According to a story in Spokane, Washington’s Spokesman-Review, Idaho’s House Judiciary Committee has supported a bill to ban “motorcycle profiling.” The practice is described as “the arbitrary use of the fact that a person rides a motorcycle or wears motorcycle-related paraphernalia as a factor in deciding to stop and question, take enforcement action, arrest or search a person or vehicle.” The bill would forbid the practice, and now moves to the full House for a vote.

“Washington was the first state to ban motorcycle profiling in 2011, followed by Maryland. Advocates in Washington report that complaints of profiling have dropped by 90 percent since the law passed,” wrote reporter Betsy Z.Russell. “There is no downside,” said David Devereaux of the Motorcycle Profiling Project. “HB 123 simply prohibits motorcycle profiling. … It has no fiscal impact. … It also reduces the state’s exposure to civil liability. It helps repair the relationship between the biking community and law enforcement.”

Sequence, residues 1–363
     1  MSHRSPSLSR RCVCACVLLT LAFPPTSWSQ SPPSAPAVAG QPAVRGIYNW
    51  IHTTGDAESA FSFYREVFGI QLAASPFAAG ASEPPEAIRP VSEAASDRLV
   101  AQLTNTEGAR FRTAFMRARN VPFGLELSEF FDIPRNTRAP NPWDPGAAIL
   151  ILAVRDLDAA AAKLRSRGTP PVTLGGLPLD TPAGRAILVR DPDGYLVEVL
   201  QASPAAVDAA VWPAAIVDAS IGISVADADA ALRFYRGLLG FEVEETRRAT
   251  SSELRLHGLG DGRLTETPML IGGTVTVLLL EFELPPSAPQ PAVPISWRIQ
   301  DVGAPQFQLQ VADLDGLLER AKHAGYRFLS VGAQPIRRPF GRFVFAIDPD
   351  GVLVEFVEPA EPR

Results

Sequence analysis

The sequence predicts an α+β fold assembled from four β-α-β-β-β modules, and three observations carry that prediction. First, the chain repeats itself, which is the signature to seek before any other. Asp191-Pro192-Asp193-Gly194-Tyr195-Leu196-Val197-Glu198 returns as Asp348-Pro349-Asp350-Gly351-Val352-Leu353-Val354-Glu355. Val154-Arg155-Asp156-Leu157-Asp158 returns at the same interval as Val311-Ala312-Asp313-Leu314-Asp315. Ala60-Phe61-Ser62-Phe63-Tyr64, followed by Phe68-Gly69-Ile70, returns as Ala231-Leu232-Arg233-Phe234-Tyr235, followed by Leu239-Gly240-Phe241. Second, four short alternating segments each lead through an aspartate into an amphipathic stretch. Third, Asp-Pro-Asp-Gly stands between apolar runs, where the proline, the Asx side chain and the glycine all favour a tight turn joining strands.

The bill was presented by Rep. Robert Anderst. “This bill is about the future, not the past. Instead of lining people up to share their stories,” he said. “The goal today is to take a step toward improving the relationship between law enforcement and the motorcycle community, not hurting it.”

A large crowd of motorcyclists was on hand for the committee hearing, and waited quietly for an hour before the bill was heard. Rep. Karey Hanks, complimented the group on its strong turnout in support of the bill. “We have several bills that we’d like to have people come and support,” he said. “I do commend you for coming in support of this, this is great.”

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